Baldwin's themes are varied and complex, but regarding any author's work it's best to look for common threads among the different themes. Most readers would say that race in America is Baldwin's principal concern. This is partly true, but consider the following about the topics dealt with in his fiction ...
Baldwin's themes are varied and complex, but regarding any author's work it's best to look for common threads among the different themes. Most readers would say that race in America is Baldwin's principal concern. This is partly true, but consider the following about the topics dealt with in his fiction:
The novel Go Tell it on the Mountain deals with a teenager's conflict with his strict, ultra-religious father (who is not actually his biological father) and explores the young man's pre-history, so to speak. The backstory of his mother and his biological father, and that of his step-father, is narrated, and Baldwin's theme is largely how the past has shaped the young man's own identity and destiny.
Giovanni's Room is a path-breaking novel about the gay subculture of the 1950s.
Another Country is the story of a diverse group of New Yorkers, both straight and gay, in the early 1960s and their interactions and conflicts with one another. Baldwin seems to be asking if these people are different from other Americans and constitute "another country"—or are they in fact emblematic of America as a country, or as a concept?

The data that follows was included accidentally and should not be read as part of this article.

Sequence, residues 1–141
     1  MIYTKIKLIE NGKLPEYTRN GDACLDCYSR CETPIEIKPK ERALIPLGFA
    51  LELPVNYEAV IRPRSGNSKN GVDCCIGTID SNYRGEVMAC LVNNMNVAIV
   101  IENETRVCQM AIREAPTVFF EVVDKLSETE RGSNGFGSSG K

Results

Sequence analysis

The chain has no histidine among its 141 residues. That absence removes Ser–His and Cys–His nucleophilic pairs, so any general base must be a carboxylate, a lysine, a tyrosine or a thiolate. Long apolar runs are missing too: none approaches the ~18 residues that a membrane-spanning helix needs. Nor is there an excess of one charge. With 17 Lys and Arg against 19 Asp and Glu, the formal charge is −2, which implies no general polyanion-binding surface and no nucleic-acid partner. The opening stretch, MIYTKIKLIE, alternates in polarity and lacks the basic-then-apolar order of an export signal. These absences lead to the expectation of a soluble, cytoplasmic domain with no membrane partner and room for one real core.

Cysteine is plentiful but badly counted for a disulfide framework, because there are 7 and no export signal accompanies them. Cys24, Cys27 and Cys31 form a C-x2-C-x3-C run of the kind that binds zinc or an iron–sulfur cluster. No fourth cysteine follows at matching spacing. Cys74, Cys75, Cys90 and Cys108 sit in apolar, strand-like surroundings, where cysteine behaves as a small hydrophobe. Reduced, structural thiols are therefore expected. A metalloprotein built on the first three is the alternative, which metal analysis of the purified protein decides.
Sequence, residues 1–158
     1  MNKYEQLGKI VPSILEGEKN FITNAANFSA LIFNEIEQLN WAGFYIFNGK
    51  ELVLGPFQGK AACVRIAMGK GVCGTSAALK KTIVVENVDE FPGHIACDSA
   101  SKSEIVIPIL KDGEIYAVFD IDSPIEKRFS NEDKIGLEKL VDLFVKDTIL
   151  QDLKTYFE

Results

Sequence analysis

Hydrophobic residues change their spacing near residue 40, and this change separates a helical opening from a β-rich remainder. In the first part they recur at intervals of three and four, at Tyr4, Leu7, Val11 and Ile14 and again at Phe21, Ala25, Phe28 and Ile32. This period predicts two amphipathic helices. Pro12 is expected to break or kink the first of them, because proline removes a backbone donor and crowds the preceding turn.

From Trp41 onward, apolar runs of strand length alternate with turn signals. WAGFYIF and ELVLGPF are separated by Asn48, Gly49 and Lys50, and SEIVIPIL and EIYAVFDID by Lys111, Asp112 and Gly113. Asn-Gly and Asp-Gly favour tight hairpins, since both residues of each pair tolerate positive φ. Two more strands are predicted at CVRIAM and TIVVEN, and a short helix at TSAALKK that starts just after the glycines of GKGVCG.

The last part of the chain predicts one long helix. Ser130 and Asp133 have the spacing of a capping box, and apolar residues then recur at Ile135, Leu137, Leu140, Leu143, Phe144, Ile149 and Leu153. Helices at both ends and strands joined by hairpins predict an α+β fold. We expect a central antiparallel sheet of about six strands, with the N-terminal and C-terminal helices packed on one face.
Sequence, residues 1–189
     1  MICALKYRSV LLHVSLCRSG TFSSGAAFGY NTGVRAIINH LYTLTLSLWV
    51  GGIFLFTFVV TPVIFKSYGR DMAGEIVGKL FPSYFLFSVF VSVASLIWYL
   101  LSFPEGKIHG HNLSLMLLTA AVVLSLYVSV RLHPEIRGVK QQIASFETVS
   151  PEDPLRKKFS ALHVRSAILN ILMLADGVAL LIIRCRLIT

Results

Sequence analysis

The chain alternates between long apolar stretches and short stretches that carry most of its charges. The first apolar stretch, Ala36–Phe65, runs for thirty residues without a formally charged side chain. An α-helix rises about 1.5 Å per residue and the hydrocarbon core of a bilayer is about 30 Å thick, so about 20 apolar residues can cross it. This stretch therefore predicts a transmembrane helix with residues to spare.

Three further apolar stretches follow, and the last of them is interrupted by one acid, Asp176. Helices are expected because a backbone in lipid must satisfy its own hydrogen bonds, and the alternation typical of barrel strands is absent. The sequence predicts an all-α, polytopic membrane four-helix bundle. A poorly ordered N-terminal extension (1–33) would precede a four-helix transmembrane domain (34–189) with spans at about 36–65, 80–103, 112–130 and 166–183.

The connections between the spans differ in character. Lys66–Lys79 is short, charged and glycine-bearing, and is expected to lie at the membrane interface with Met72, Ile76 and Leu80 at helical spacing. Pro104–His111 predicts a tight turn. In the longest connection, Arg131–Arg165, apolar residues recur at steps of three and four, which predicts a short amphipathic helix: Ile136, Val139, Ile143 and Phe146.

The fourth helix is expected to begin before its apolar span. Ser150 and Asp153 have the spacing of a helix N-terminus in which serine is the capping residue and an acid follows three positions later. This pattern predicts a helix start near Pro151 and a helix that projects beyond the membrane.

Race is a theme and an "issue" in all of the above-mentioned books. Though none of my descriptions mention the race of the characters, those descriptions are nevertheless accurate, tell what those novels are really about, and reveal what are, in fact, the central or essential themes of those novels. To return to our opening question, however: what is the link, or common thread, among Baldwin's concerns as an African American writer—his specific concerns about race—and the other themes described in my synopses above? How do all or most of the situations in his writings focus on both the status of the Other and the more focused "problem" of race? Or is there another factor in Baldwin's themes, involving a completely different aspect of the human condition?